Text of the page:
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    Richard Feynman adapted an existing term "Cargo Cult" to talk about "Cargo Cult Science". Gareth Roderique-Davies explicitly "adapt[s] this term one more time" to talk about NLP. It seems to me the claim is that NLP is designed to look like a real psychotherapy, without any of the science behind it. – Oddthinking May 10 '11 at 13:10
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    @Christian, I must admit I am having trouble understanding (a) and how it addresses my comments. (b) The question should not be "does it work?", but "does it work better than placebo?" Indeed, that was what the OP asked, and that is what I am discussing. If placebo works just as well, let's debate the ethics of placebo-treatment, without the need for training therapists in any form of mumbo-jumbo. If it is better than placebo, then let's prove it and bring it into mainstream science. – Oddthinking May 11 '11 at 14:06
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    @Christian, the first step in making it look less like a wannabe/cargo-cult psychotherapy would be to remove "neuro" and "linguistic" from the name, when it apparently has zero to do with the first term, and little to do with the second... The fact that those terms sounds "sciency" but aren't being used in a scientific way makes the whole field look a pseudo-science. – Oddthinking May 11 '11 at 14:11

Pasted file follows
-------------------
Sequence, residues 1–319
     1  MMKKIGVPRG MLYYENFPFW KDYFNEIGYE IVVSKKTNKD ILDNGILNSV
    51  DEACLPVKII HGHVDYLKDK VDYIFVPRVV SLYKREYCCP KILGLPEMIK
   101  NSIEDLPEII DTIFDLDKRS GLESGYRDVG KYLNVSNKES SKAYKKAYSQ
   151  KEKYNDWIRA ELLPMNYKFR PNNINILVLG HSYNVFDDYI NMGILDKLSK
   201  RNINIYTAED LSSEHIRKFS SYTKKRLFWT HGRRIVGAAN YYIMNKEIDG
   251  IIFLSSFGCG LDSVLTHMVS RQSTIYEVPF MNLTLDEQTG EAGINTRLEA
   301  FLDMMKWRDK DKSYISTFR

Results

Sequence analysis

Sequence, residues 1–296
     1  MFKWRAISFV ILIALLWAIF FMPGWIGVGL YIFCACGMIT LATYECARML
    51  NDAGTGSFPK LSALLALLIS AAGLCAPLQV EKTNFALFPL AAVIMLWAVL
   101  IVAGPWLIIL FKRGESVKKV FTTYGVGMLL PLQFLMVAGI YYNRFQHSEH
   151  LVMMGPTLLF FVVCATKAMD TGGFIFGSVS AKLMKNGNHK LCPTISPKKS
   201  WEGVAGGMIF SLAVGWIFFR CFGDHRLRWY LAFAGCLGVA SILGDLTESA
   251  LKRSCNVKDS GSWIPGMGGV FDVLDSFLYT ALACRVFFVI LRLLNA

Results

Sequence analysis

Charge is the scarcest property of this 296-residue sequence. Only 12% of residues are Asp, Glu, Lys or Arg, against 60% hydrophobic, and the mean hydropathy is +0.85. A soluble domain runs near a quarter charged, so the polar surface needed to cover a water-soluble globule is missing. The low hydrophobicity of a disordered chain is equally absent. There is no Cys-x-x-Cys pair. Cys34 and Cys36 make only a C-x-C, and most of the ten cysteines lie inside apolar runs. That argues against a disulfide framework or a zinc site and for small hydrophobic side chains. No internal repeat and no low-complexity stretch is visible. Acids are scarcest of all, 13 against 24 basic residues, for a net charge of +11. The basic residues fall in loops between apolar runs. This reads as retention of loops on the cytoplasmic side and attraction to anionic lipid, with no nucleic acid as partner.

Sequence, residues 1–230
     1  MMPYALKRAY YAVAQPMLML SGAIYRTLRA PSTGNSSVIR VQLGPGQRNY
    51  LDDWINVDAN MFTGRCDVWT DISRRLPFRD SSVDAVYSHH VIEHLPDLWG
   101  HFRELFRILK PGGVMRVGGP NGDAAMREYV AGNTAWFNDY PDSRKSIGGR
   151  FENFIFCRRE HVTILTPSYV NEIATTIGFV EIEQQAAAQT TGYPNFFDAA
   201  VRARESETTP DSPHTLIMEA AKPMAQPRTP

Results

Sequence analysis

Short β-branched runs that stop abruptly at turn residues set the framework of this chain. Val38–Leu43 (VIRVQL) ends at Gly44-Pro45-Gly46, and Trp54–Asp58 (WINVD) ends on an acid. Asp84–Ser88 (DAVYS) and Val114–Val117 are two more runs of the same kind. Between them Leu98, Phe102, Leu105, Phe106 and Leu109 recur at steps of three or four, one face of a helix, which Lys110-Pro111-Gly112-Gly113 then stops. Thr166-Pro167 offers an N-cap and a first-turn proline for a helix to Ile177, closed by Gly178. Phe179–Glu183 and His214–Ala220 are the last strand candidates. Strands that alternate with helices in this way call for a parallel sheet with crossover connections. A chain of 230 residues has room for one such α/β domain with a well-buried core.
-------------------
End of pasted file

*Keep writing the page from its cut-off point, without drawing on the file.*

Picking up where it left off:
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There's quite a few techniques/approaches that are combined under the umbrella of 'NLP' and I suppose efficiency and effectiveness of those can vary from one to another, but there are certainly some interesting studies that show noticeable effect sizes:

  1. "Neurolinguistic programming used to reduce the need for anaesthesia in claustrophobic patients undergoing MRI."